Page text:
When publishing the corporate governance reform green paper in 2016, UK prime minister Theresa May described the UK as an “established international leader in corporate governance”.
Finalising the reforms the following summer, business secretary Greg Clark echoed his boss, stating that “our standards of corporate governance have long been admired around the world”.
And then Stephen Hadrill, chief executive of the Financial Reporting Council, which oversees the implementation of the UK Corporate Governance Code, followed up by citing “the UK’s deserved reputation for good corporate governance”.
That policymakers and regulators hold our governance regime in such high esteem should be a source of pride for British businesses—specifically, our world-leading PR and lobbying industries, which have somehow managed to create this perception in the aftermath of the banking crisis; numerous bribery, market manipulation and mis-selling scandals; widespread failure to address pension deficits; and soaring levels of executive pay.
In recent months alone, we’ve seen the collapse of Carillion and Conviviality, the sudden expulsion of WPP CEO Sir Martin Sorrell under the shadow of misconduct allegations, and widely condemned eight and nine-figure incentive payments to the directors of Persimmon. It’s therefore unsurprising that however much politicians and civil servants celebrate standards of UK corporate governance, the public takes a less credulous view.
The Edelman Trust Barometer saw trust in business fall by two points in 2018 to 43%, while the proportion viewing CEOs as credible rose to 42%, but from a record low of 28% in 2017.
Ipsos Mori’s rival “veracity index” suggested that 36% trust business leaders to tell the truth. Our captains of industry are at least deemed more trustworthy than politicians (18%) and estate agents (27%) but fall well below trade union officials (45%), lawyers (51%) and the ordinary man or woman in the street (64%), never mind doctors and nurses (91% and 94% respectively).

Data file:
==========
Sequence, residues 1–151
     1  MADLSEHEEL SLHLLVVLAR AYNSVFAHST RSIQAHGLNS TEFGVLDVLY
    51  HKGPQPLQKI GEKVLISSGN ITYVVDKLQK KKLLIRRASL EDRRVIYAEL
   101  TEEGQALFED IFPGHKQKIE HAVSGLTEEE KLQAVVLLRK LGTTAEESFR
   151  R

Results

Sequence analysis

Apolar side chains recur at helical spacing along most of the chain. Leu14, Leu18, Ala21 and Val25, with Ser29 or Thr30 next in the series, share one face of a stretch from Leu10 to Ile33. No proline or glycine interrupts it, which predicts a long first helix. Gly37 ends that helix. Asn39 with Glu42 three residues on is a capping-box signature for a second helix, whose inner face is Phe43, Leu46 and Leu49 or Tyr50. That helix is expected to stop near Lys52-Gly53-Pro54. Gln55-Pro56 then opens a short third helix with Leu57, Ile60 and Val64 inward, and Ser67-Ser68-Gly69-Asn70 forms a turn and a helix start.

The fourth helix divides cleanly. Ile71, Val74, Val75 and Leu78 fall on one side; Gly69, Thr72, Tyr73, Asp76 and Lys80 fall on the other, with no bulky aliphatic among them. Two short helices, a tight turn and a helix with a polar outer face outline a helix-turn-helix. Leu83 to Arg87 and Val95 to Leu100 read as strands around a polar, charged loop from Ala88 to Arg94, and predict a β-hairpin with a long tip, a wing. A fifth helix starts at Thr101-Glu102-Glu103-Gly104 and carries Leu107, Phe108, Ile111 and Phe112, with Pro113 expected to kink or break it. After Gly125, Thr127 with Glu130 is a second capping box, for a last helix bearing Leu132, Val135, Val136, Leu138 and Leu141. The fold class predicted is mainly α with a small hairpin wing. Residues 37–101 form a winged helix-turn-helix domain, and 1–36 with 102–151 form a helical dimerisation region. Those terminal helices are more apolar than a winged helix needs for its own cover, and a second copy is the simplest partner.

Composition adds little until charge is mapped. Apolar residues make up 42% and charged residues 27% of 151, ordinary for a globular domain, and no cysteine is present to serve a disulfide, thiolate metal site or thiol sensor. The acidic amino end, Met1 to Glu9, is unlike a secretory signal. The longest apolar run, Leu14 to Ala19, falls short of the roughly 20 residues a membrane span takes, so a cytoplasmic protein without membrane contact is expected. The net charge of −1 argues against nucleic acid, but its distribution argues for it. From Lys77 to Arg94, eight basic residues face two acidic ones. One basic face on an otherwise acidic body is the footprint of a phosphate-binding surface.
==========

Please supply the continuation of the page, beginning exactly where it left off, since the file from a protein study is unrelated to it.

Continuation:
The two most commonly cited reasons for distrust in business were their failure to pay their fair share of tax (cited by 56% of respondents) and the perception that executives are overpaid in comparison with ordinary workers (58%).
These sentiments are not hard to understand. The Persimmon case involved a cohort of senior managers enjoying a £500m bonus pool, including £110m allocated to CEO Jeff Fairburn. The payments were triggered thanks in part to the government’s Help to Buy scheme putting rocket boosters under their sales.
Conversely, at Carillion, Richard Howson—the CEO who had presided over the company’s collapse—still received pay of £1.5m in 2016 as the business model disintegrated, and was due to be paid his £660,000 salary until October 2018, by the terms of his departure last year.
As always, when considering this issue, it’s worth bearing in mind that the average full-time UK worker receives a salary of £28,000, which is generally discontinued if they lose their job.
The cases of Persimmon and Carillion are almost exact inversions of each other. At Persimmon, as mentioned above, the company’s success was undoubtedly due in huge part to the circumstances of the government’s intervention in the market through the Help to Buy scheme, yet the executives were spectacularly rewarded.
At Carillion, by contrast, the poor performance and ultimate implosion of the company must, at least in part, be attributed to its leaders and yet the CEO walks away having been paid millions of pounds over the course of his tenure.
It is not hard to find other particularly egregious examples. Executives at banks bailed out by the taxpayer still got their bonuses and generous pension entitlements. Helge Lund received £5.5m and a £10m share award for less than a year’s work as BG’s chief executive after the company hired him at huge expense shortly before it was taken over by Shell.
And BP chief executive Bob Dudley received a $20m package in the year the company recorded its worst ever loss.